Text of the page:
An intolerance of islanders to visitors

BEING a very frequent visitor to the island, notwithstanding the recent Covid-19 pandemic, I have endeavoured to visit family in Guernsey at least once a year for the last 50-plus years (initially as a baby in arms and more recently in the past couple of decades with my own children).

With such close links with the island, I have kept a keen eye on all the ‘goings on’ over the years, both from afar and from a close-up standpoint whenever I’m on the island. One of the most disconcerting trends that I now currently witness in recent years, - albeit it appears from a very small minority of the island’s population - is the growing intolerance of said islanders towards visitors.

An incident transpired today [Saturday 16 July} in the Alliance supermarket car park where an English visitor had parked their car in a spare back-to-back parking space located behind an islander’s car. The English family, upon returning to their car, was berated by the driver of the Guernsey car for having the sheer audacity to even consider, let alone actually parking their car behind the islander’s car, especially as it was now making said islander have difficulty in loading their purchases into the boot/back of their car.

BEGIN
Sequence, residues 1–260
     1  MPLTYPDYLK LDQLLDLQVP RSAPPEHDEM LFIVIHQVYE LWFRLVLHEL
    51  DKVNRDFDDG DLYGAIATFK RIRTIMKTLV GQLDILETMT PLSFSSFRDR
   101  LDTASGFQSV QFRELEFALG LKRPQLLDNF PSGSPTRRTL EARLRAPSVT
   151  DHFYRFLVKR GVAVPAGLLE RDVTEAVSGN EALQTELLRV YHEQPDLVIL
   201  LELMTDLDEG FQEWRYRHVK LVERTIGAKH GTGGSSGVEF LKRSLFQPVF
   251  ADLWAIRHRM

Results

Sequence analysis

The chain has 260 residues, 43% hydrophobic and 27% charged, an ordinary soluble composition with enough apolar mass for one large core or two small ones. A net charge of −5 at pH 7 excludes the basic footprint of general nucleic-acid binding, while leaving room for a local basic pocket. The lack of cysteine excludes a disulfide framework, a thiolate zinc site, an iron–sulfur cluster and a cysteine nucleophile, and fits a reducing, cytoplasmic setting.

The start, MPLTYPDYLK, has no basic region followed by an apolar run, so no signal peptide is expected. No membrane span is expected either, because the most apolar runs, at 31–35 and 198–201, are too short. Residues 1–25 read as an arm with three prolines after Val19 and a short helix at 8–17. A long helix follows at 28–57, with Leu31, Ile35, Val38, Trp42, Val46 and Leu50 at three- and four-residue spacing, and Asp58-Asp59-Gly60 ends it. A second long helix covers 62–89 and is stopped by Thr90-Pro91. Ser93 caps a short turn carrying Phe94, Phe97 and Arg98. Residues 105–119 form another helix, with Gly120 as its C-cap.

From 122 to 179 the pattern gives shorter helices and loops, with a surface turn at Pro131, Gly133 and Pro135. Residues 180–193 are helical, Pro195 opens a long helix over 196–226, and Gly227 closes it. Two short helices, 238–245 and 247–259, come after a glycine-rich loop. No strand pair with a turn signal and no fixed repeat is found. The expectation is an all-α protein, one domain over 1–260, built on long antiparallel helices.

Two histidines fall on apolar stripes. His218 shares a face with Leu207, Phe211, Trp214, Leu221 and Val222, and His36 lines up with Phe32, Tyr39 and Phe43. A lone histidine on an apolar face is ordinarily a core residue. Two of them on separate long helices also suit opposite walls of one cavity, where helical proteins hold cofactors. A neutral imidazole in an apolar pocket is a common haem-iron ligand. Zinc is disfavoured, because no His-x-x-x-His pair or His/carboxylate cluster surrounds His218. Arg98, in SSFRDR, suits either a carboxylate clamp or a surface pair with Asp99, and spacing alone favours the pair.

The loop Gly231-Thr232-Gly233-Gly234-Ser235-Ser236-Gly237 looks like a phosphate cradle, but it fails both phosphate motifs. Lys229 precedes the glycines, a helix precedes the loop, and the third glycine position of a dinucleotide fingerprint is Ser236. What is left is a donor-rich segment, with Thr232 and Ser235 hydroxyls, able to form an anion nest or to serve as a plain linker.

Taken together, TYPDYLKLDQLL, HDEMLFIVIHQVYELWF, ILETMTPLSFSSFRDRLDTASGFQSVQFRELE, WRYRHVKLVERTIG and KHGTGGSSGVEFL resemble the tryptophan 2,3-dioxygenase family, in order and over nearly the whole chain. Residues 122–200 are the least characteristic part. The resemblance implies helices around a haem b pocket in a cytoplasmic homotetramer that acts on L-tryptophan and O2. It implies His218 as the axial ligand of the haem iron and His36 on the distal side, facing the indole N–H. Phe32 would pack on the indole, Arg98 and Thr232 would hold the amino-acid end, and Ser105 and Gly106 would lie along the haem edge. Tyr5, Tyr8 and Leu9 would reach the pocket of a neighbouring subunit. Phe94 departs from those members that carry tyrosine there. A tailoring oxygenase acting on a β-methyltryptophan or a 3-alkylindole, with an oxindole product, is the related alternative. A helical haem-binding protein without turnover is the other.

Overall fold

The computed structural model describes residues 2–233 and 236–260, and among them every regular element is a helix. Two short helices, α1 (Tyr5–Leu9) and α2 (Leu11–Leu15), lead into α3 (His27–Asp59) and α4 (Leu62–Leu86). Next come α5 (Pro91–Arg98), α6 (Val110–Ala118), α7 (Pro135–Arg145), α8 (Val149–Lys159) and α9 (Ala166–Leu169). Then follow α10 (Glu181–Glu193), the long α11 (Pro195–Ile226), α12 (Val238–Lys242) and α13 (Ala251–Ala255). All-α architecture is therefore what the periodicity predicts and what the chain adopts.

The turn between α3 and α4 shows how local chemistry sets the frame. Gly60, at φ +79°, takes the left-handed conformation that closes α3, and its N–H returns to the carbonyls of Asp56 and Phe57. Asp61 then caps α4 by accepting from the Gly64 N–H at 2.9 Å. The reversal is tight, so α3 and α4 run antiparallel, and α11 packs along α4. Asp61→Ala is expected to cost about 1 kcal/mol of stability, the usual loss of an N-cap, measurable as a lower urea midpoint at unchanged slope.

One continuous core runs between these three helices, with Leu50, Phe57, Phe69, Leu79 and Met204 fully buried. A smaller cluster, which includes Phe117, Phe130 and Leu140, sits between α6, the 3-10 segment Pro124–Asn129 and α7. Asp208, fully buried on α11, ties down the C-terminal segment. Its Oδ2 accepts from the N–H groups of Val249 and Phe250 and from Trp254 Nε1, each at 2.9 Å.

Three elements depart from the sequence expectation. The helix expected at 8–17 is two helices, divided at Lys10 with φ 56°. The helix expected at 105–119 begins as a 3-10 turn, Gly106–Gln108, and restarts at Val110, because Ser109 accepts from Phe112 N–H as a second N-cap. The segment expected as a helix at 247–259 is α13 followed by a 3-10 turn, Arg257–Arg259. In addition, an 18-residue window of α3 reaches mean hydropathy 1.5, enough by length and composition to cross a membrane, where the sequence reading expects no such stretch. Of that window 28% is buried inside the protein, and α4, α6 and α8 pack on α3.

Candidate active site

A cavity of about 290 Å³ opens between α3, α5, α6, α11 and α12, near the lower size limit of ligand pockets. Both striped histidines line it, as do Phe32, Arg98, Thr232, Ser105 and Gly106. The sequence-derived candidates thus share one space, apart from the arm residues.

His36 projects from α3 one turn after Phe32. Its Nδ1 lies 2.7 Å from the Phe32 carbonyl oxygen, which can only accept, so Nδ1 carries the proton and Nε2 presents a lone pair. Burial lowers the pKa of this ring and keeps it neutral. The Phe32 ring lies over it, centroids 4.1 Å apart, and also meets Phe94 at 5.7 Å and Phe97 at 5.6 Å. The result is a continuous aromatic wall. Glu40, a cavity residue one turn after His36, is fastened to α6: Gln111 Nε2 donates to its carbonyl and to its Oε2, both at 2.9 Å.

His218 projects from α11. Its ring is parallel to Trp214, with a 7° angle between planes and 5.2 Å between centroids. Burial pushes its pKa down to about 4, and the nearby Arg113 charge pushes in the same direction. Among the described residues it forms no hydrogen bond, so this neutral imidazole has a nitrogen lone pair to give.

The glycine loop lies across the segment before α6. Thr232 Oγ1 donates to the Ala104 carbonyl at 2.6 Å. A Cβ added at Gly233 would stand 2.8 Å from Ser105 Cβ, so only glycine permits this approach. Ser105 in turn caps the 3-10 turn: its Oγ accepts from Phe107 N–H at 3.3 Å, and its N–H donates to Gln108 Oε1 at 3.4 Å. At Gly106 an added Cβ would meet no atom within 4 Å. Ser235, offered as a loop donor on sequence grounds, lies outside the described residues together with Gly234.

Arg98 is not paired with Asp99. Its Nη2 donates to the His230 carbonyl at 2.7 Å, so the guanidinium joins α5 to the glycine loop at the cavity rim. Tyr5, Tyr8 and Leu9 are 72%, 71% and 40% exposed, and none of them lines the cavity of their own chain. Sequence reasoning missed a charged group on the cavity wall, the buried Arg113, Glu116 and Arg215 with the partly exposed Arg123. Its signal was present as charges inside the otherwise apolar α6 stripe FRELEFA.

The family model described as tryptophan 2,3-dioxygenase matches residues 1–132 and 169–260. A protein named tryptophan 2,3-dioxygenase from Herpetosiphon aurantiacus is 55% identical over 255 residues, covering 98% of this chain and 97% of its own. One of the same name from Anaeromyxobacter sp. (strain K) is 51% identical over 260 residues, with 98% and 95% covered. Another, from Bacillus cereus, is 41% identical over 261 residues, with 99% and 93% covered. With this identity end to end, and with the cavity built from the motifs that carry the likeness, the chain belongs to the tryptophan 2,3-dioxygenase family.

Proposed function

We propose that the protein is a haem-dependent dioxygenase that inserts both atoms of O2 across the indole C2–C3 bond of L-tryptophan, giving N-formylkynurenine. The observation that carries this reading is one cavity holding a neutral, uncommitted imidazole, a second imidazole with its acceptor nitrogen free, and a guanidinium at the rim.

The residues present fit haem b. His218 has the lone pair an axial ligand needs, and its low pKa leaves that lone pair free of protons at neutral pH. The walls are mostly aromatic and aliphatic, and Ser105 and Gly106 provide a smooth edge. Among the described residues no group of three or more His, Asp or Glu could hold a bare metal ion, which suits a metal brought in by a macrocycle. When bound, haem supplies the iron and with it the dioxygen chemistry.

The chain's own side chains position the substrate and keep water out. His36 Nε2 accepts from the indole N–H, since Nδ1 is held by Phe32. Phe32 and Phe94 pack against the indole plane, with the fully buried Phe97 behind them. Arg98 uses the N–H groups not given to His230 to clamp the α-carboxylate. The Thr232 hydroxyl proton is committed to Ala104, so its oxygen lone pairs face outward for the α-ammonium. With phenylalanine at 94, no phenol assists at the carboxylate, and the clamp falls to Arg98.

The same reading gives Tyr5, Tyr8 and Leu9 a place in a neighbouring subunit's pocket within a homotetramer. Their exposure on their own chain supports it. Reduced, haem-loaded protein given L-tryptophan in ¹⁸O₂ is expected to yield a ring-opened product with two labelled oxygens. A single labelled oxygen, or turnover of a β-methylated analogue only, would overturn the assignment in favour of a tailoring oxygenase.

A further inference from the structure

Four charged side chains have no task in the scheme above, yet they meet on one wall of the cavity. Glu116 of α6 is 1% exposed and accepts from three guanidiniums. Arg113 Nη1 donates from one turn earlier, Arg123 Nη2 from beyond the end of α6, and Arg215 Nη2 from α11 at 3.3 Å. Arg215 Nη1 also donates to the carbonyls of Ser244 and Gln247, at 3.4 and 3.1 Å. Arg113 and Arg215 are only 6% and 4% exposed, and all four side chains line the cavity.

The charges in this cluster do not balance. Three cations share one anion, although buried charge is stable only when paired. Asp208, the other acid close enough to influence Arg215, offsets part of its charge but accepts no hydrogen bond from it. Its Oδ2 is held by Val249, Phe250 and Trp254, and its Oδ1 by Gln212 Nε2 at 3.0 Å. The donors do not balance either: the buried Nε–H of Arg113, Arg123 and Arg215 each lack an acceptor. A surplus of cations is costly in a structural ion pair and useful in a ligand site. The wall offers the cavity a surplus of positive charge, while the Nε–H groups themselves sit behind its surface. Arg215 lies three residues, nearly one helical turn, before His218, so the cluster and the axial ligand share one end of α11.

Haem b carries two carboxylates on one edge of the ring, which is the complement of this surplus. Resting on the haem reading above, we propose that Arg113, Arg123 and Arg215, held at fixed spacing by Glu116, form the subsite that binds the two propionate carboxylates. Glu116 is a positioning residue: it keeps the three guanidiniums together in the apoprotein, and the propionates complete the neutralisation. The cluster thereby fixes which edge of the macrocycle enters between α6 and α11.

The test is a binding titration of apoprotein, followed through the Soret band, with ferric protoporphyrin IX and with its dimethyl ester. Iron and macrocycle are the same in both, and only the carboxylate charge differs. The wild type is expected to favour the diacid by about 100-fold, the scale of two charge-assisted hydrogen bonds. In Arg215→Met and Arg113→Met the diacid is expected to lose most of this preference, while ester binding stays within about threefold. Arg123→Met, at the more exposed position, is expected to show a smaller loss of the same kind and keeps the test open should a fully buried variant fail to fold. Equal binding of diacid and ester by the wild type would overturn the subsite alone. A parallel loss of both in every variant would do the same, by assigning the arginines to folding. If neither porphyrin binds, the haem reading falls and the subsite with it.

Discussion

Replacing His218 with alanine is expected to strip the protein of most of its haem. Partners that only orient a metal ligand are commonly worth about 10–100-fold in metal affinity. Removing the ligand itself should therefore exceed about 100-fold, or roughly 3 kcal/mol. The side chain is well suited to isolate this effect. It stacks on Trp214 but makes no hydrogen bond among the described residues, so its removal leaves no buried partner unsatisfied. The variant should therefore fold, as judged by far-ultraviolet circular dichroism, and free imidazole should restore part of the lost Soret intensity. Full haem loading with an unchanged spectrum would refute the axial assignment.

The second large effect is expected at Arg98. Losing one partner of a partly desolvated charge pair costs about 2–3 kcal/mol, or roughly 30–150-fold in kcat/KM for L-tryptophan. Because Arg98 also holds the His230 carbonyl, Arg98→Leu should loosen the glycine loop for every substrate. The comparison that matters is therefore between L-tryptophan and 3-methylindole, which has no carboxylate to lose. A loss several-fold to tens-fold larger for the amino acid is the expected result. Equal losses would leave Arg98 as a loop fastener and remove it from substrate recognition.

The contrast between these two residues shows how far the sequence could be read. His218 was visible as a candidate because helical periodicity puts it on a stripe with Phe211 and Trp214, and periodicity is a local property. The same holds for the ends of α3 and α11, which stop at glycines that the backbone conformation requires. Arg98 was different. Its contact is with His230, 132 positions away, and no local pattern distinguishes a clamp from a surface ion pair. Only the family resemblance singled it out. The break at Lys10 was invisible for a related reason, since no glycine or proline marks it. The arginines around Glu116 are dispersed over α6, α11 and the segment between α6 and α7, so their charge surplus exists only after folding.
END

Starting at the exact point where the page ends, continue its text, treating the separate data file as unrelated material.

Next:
Now I understand that Guernsey, with it’s long history has developed what some would consider quirky traditions, but not parking in/utilizing an empty parking space behind someone else’s car who has decided to park nose out in a supermarket car park with back-to-back parking spaces I do not believe is one of them.

Now anyone with a modicum of common sense (which one can only surmise must be in very short supply with this particular islander, especially as they were intending to load their numerous purchases into the back of their vehicle) wouldn’t even consider to park their car nose out of a back-to-back parking space with the expectation that no one would have the gumption to park in the spare space behind your car. And then to actually berate someone for doing so is beyond belief, even more so (and not to belittle the majority of the island’s more courteous and friendly population), I suspect that had the car that had parked behind have been an islander and not a visitor that no such confrontation would have taken place.

Now VisitGuernsey have a very strong offensive ongoing in persuading people to visit the island, especially after the recent closed borders enforced by the pandemic, but such unfounded verbal torrents towards a visitor could not only sully the island’s good reputation for being a friendly place to visit for that particular individual, but could have an unwanted cascading effect of putting many, many more people off from visiting the lovely island of Guernsey.

IAN WILSON

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